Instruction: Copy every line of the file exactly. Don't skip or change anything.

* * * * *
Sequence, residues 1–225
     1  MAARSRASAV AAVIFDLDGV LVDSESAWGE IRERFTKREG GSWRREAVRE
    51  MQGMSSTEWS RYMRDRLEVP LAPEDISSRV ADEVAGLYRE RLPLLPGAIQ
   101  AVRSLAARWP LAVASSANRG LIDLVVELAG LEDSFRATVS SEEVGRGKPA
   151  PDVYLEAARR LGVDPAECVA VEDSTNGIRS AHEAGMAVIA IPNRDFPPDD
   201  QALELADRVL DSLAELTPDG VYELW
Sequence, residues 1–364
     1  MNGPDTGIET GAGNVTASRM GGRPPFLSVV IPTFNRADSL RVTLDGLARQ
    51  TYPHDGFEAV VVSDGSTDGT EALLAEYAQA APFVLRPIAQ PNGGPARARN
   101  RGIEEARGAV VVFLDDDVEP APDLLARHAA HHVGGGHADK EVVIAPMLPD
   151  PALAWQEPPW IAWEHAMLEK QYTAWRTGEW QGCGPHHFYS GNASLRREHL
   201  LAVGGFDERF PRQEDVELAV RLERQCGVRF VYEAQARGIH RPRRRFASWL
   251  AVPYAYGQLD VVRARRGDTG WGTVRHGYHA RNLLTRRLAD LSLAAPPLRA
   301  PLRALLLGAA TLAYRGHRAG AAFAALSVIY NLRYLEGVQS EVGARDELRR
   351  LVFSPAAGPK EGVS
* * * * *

Sequence, residues 1–225
     1  MAARSRASAV AAVIFDLDGV LVDSESAWGE IRERFTKREG GSWRREAVRE
    51  MQGMSSTEWS RYMRDRLEVP LAPEDISSRV ADEVAGLYRE RLPLLPGAIQ
   101  AVRSLAARWP LAVASSANRG LIDLVVELAG LEDSFRATVS SEEVGRGKPA
   151  PDVYLEAARR LGVDPAECVA VEDSTNGIRS AHEAGMAVIA IPNRDFPPDD
   201  QALELADRVL DSLAELTPDG VYELW
Sequence, residues 1–364
     1  MNGPDTGIET GAGNVTASRM GGRPPFLSVV IPTFNRADSL RVTLDGLARQ
    51  TYPHDGFEAV VVSDGSTDGT EALLAEYAQA APFVLRPIAQ PNGGPARARN
   101  RGIEEARGAV VVFLDDDVEP APDLLARHAA HHVGGGHADK EVVIAPMLPD
   151  PALAWQEPPW IAWEHAMLEK QYTAWRTGEW QGCGPHHFYS GNASLRREHL
   201  LAVGGFDERF PRQEDVELAV RLERQCGVRF VYEAQARGIH RPRRRFASWL
   251  AVPYAYGQLD VVRARRGDTG WGTVRHGYHA RNLLTRRLAD LSLAAPPLRA
   301  PLRALLLGAA TLAYRGHRAG AAFAALSVIY NLRYLEGVQS EVGARDELRR
   351  LVFSPAAGPK EGVS